Book Review: Nicholas and Alexandra by Robert K. Massie

Year of First Publication: 1967

Year of Publication for This Edition: 2011

Number of Pages: 613

Publisher: Random House

Genre: Nonfiction

Sub-Genres: Biography, history

Find it on the Book Depository. (Disclosure: I’m an affiliate.)


It appears that my interest in Russia is starting to come full-circle. First it was their literature, then their language, and now their history. Olive, one of the most enthusiastic Russophile bloggers I’ve seen yet, highly recommended the work of Robert Massie—and this book in particular—to anyone who is just beginning to study Russian history.

It turned out to be a great recommendation: despite having little prior knowledge of Russian history before the Soviet era, I didn’t find this book at all intimidating or inaccessible. Massie’s almost lyrical prose makes it an even greater pleasure to read. From the very first paragraph, his gifts as a narrator are evident:

From the Baltic city of St. Petersburg, built on a river marsh in a far northern corner of the empire, the Tsar ruled Russia. So immense were the Tsar’s dominions that, as night began to fall along their western borders, day already was breaking on their Pacific coast. Between these distant frontiers lay a continent, one sixth of the land surface of the globe. Through the depths of Russia’s winters, millions of tall pine trees stood silent under heavy snows. In the summer, clusters of white-trunked birch trees rustled their silvery leaves in the slanting rays of the afternoon sun. Rivers, wide and flat, flowed peacefully through the grassy plains of European Russia toward a limitless southern horizon. Eastward, in Siberia, even mightier rivers rolled north to the Arctic, sweeping through forests where no human had ever been, and across desolate marshes of frozen tundra.

While this is a traditional biography, narrating its subjects’ entire lives from their births to their deaths, the main focus of the story for Massie consists in three things: the love story between Nicholas and Alexandra, the tragedy of their son Alexei’s hemophilia, and the toll that the disease took not just on the family but on the entire country. On those damaged genes, Massie pins nothing less than the downfall of tsarist Russia and the rise of Lenin. If Alexei hadn’t been so sick, Alexandra would not have embraced the so-called “holy man” Rasputin and would not have given him so much power in the government. Without Rasputin’s influence, Massie goes on, Nicholas and Alexandra would not have made so many of the decisions that ultimately led to even Nicholas’s closest friends and advisers begging him to abdicate.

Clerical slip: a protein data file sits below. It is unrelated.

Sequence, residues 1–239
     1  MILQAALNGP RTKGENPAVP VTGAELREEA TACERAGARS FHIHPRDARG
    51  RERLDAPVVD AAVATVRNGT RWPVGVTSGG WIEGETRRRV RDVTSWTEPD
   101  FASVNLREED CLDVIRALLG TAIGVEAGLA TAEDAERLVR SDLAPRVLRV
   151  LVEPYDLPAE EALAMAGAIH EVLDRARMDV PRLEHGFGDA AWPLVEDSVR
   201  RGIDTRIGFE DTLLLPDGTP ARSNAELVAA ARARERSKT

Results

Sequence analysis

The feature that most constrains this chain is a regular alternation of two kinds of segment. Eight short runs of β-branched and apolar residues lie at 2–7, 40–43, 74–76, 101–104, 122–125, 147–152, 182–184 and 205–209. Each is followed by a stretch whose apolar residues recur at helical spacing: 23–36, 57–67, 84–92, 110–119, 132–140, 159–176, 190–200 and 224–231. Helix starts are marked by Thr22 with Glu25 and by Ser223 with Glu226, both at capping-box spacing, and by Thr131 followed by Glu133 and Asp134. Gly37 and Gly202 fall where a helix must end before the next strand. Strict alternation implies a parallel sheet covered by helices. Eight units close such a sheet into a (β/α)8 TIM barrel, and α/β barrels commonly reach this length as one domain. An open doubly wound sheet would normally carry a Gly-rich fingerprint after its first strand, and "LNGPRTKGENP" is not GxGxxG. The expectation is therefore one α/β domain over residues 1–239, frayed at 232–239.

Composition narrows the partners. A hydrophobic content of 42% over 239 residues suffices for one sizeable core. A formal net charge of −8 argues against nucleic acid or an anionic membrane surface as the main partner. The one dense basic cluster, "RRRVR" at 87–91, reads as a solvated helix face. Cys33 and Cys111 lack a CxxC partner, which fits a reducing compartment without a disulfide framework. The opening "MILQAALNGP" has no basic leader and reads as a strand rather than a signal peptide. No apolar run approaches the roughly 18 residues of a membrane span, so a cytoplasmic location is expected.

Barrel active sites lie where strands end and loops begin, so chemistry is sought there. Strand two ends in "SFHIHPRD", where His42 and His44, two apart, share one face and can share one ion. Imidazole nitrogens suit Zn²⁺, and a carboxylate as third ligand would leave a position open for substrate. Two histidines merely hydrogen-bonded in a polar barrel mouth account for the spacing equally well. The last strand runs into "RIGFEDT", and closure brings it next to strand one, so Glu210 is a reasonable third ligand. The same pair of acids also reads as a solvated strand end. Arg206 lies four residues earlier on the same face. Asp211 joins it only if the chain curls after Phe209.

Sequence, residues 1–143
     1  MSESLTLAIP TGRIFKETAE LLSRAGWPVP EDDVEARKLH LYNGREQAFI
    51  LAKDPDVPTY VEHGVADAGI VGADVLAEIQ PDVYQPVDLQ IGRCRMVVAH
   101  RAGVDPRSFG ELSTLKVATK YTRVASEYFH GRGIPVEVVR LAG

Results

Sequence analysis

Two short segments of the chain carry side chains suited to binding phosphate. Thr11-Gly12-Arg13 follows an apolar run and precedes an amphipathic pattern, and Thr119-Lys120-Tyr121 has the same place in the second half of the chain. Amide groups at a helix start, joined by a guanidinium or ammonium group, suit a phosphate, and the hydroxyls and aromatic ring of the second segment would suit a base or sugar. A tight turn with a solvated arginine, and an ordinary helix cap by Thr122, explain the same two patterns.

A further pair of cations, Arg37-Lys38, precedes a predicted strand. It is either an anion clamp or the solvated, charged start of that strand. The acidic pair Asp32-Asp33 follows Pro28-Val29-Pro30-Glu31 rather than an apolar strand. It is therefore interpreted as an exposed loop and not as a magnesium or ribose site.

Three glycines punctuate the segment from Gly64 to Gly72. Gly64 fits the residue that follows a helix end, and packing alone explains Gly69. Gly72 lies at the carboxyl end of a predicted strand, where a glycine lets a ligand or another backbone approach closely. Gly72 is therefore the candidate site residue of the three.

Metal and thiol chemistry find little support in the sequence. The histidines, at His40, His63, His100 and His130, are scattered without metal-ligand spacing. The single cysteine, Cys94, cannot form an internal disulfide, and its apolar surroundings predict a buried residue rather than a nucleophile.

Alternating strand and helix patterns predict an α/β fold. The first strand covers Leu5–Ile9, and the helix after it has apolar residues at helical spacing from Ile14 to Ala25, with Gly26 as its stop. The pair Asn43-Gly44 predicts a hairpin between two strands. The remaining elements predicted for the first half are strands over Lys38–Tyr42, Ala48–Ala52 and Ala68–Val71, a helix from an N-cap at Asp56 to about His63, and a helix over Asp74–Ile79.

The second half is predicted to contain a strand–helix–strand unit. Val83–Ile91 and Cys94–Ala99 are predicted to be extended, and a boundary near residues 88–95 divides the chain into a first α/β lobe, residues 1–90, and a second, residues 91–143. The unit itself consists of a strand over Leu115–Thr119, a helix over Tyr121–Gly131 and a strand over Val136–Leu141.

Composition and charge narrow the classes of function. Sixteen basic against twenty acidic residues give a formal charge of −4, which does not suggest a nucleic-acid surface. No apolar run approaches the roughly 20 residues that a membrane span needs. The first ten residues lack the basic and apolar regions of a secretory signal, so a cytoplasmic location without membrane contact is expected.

Am I convinced that Alexei’s disease was the beginning of the end for a family seemingly marked for tragedy? Yes. Am I convinced that the Romanovs would not have fallen without Rasputin’s being there? Not really. As this book plainly shows, Nicholas was, in many other respects, a very good man—he just wasn’t a good leader. Thoroughly schooled in the ways of autocratic imperialism by his father before him, he preoccupied himself with a number of ill-advised overseas conflicts, meanwhile the Russian people were starving and his nation’s industry was struggling. When his people demanded the civil rights afforded to the citizens of most Western nations, he responded alternately with force and with half-hearted concessions which only served to inflame both sides. All this to say that Nicholas II’s Russia had plenty of problems and was already teetering close to the edge of revolution before Rasputin got there. Nevertheless, Massie is right to conclude that Rasputin’s interference in the government—particularly during the critical years of World War I, when the people already doubted the allegiances of their German-born queen—was the last straw.

Elsewhere in the book, I wonder if Massie wasn’t a little overeager to protect his subjects from criticism, particularly when it comes to issues involving the Jews. He makes no mention, for instance, of the fact that anti-Jewish persecution greatly increased during Nicholas’s reign, or that, although he did relax some of the restrictions put on Jews by previous tsars, he also added a few of his own. It is unfortunate that Nicholas, noted by his contemporaries for his kindness and generosity, should succumb to the prejudices of his day on this particular point, but it is a fact, one that Massie seems to overlook.